U.S. still considers Japan top partner in Asia: poll


Japan is still the United States’ most important partner in Asia, according to an annual public opinion poll commissioned by the Japanese government, the Foreign Ministry said Monday.

U.S. public opinion on China as a key partner, however, is continuing to rise.

The poll of the American public’s views of Japan was conducted by the Gallup Organization between February and March and drew responses from 1,506 people.

Among people 18 or older, 48 percent chose Japan as their country’s most important Asian partner, up 3 percentage points from last year.

But 34 percent of the respondents chose China, up 1 point from last year’s poll and the highest ever. In 1995, only 14 percent viewed China as America’s most important partner, compared with 55 percent for Japan.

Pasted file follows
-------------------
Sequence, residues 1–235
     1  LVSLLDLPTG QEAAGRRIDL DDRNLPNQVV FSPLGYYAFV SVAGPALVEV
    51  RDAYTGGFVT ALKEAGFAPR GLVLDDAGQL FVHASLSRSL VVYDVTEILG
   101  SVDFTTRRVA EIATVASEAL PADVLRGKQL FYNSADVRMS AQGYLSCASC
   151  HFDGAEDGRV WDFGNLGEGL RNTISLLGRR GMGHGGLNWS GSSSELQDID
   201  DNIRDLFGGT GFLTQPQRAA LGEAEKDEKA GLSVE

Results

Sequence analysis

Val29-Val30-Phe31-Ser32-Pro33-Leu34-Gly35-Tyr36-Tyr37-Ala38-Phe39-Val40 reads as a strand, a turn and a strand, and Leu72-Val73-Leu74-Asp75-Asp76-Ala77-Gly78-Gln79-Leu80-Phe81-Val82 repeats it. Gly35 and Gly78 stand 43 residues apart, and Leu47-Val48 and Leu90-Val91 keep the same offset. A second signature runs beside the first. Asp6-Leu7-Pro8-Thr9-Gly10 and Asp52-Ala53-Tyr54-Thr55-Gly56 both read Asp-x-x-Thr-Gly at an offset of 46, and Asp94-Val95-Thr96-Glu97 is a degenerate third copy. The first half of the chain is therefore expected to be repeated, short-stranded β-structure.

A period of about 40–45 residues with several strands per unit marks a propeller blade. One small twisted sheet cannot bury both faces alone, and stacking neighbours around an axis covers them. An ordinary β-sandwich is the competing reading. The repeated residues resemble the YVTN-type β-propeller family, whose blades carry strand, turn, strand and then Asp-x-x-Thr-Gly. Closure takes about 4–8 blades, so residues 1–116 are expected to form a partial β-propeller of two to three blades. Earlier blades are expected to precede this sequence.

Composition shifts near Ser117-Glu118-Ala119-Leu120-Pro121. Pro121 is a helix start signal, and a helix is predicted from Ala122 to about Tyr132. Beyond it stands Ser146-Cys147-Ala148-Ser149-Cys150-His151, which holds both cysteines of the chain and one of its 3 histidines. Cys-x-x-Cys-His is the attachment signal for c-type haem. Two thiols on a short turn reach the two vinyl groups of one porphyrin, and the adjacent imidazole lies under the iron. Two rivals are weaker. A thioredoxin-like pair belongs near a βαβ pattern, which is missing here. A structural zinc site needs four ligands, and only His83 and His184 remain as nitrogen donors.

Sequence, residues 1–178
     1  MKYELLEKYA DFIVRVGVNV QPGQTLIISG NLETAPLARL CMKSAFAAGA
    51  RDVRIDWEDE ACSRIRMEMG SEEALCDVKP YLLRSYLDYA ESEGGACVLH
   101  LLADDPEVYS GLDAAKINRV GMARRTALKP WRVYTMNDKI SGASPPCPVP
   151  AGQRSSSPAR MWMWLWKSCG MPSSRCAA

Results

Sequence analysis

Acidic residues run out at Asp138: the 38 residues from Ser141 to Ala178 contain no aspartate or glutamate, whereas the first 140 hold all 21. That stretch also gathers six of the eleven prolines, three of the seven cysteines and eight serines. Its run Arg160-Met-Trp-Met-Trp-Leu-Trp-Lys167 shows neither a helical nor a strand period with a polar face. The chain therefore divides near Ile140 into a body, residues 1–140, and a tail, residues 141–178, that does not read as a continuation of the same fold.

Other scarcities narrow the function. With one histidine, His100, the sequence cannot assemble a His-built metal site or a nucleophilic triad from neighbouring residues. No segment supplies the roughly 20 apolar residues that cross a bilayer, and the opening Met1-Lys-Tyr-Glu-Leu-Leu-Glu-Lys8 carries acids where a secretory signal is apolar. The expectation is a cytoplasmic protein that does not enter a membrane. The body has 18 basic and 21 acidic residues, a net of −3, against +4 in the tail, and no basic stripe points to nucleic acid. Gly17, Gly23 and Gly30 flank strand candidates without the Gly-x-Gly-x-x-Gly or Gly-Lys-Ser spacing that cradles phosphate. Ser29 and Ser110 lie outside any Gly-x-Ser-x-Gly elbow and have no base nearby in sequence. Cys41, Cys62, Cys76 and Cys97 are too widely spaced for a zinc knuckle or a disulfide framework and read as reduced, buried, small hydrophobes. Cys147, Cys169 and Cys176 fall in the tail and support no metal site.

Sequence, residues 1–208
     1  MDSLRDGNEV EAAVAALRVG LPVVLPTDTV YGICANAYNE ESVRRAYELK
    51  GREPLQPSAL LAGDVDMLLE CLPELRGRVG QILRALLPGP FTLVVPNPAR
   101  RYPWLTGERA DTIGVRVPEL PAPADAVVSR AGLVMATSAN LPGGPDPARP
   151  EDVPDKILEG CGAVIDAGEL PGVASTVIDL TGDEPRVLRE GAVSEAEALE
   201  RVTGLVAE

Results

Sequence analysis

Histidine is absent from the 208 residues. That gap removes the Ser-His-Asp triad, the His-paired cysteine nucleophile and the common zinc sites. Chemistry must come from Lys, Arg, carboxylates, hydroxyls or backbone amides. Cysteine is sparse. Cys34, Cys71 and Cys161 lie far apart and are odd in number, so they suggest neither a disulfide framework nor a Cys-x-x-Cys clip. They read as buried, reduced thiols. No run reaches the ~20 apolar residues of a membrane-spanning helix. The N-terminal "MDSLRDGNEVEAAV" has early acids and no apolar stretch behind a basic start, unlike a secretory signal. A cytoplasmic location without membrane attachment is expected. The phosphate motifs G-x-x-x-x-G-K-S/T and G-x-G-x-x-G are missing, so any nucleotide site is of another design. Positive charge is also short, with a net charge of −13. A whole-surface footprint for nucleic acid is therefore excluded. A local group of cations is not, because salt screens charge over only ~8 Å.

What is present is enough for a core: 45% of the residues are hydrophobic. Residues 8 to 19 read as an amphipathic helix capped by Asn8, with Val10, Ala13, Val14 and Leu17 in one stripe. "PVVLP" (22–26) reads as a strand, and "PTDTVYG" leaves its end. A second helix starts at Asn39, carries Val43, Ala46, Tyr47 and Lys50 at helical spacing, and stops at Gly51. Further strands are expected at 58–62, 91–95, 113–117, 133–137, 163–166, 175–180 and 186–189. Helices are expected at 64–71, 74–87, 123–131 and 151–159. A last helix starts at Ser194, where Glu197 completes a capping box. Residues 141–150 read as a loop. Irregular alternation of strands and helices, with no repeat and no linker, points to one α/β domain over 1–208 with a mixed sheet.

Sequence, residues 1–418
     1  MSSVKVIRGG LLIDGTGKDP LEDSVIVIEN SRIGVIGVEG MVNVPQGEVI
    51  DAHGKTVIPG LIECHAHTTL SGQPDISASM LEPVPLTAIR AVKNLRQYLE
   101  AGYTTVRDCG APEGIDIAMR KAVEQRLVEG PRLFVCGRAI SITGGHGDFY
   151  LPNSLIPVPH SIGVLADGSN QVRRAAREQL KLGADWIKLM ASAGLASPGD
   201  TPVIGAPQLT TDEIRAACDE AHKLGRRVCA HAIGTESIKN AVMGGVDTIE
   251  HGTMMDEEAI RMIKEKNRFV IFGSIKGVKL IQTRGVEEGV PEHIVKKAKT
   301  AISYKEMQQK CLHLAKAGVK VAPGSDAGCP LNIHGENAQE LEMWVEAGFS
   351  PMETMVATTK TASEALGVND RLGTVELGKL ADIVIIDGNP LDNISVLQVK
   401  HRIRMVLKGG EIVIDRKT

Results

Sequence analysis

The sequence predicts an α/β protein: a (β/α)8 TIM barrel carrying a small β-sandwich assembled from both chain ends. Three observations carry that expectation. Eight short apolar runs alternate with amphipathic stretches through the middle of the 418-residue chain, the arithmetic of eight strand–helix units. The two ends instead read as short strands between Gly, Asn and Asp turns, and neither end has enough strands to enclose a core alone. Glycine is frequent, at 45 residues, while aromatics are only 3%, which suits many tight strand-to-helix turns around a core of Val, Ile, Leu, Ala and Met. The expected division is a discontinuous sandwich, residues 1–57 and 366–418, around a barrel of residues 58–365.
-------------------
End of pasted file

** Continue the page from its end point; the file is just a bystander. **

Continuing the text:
This year’s poll found that 74 percent of Americans think Japan is “a dependable ally or friend,” the highest rating since 1960, when the Foreign Ministry began the survey.

During the 1980s, when fierce trade disputes marred bilateral ties, the figure fluctuated around 50 percent. It began rising after 1995 and has since topped 60 percent.

Foreign Ministry officials said the results reflect the recent strength of bilateral ties.